Firms mull automating planning systems amid supply chain issues

Global distribution issues and increasingly complex supply chains are forcing companies to modernize the tools they use in forecasting demand and planning how to meet this demand.

According to global management consulting firm McKinsey & Company, companies’ ability to forecast demand and determine how to meet it has been further challenged by the increasingly global scope of supply chains. This is not helped by supply chain managers’ tendency to cling to manual systems and antiquated software such as spreadsheets and SAP Advanced Planning and Optimization.

As a result, forward-looking supply chain managers are now adopting next-generation systems and new applications that incorporate artificial intelligence (AI), machine learning, and data analytics to speed up decision making and pave the way for autonomous planning, McKinsey said.

Autonomous supply chain planning leverages advanced technologies to evaluate millions of data points and generate insights from them, said supply chain management company Logility.

“Your business will gain a better understanding of historical and current supply and demand to determine the best course of action to keep pace with customer requests, regardless of market conditions,” it said in a blog post.

“Autonomous planning for the supply chain ensures your company can accurately forecast how myriad conditions may affect its operations. For example, it can forecast what would happen to the supply chain if its operations came to a sudden halt. This allows you to plan for worst-case scenarios and limit their impact.”

It added that these solutions can provide time and cost savings as well, since companies can use autonomous supply chain planning to identify performance issues in their early stages.

Plus, businesses can produce reports to track supply chain performance over time and find ways to enhance supply chain operations and keep the costs associated with them as low as possible, it continued.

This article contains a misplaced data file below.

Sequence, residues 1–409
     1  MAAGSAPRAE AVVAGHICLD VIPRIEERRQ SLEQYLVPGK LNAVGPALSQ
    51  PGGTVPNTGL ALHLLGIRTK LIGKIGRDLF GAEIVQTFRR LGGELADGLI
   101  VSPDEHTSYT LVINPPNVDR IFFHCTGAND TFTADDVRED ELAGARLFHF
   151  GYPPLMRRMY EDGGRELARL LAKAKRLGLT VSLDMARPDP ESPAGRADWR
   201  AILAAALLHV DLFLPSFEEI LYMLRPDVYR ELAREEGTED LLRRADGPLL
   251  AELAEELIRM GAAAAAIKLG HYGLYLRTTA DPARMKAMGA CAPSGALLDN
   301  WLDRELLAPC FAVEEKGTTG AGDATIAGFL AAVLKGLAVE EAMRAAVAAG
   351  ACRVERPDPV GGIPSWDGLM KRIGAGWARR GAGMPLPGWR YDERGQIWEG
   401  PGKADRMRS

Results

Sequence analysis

But modernizing, while it can make supply chains more resilient and efficient, requires a major investment, and success isn’t guaranteed, said McKinsey.

Several challenges stand in the way of implementing new planning systems, it said. For one, upgrades are time-consuming and expensive. The resources required for an upgrade depend on the complexity of the company’s supply chain. Companies average 2.8 years from vendor selection to complete rollout.

Another challenge is conducting vendor selection, a critical but also difficult process, with companies evaluating two potential vendors on average to ascertain which system best meets their specific planning challenges, McKinsey noted.

Further, implementations don’t always go as planned. Some companies encounter project difficulties including a lack of consensus on a new system’s technical and process requirements. Others find that the impact of a new planning system does not meet expectations, or they struggle to create a compelling business case to justify switching to a new system, said the global consultant.

It stated that companies can improve the outcomes of upgrade efforts by incorporating three critical elements into the process of adopting new supply chain-planning IT systems: a forward-looking process design, well-defined vendor selection, and an implementation road map that prioritizes getting basic features right before adding more complicated use cases.

For process redesign, steps include the following: identify pain points within the current planning process, define future processes and align responsibilities, and prioritize pilots needed for testing and implementation.

For vendor selection, outline high-level business requirements for the proposal request, define two to three use cases for vendor demonstrations, and create a single page of vendor-selection criteria for final evaluation.

For implementation of the roadmap, prioritize features into “must have” and “nice to have,” organize development into sprints of one to two months, and increase user acceptance through early, intensive investments in testing/training.

To maximize the sizable investment that an upgrade represents, companies must reinforce those elements with the appropriate organizational change, business process updates, and upskilling, McKinsey added.

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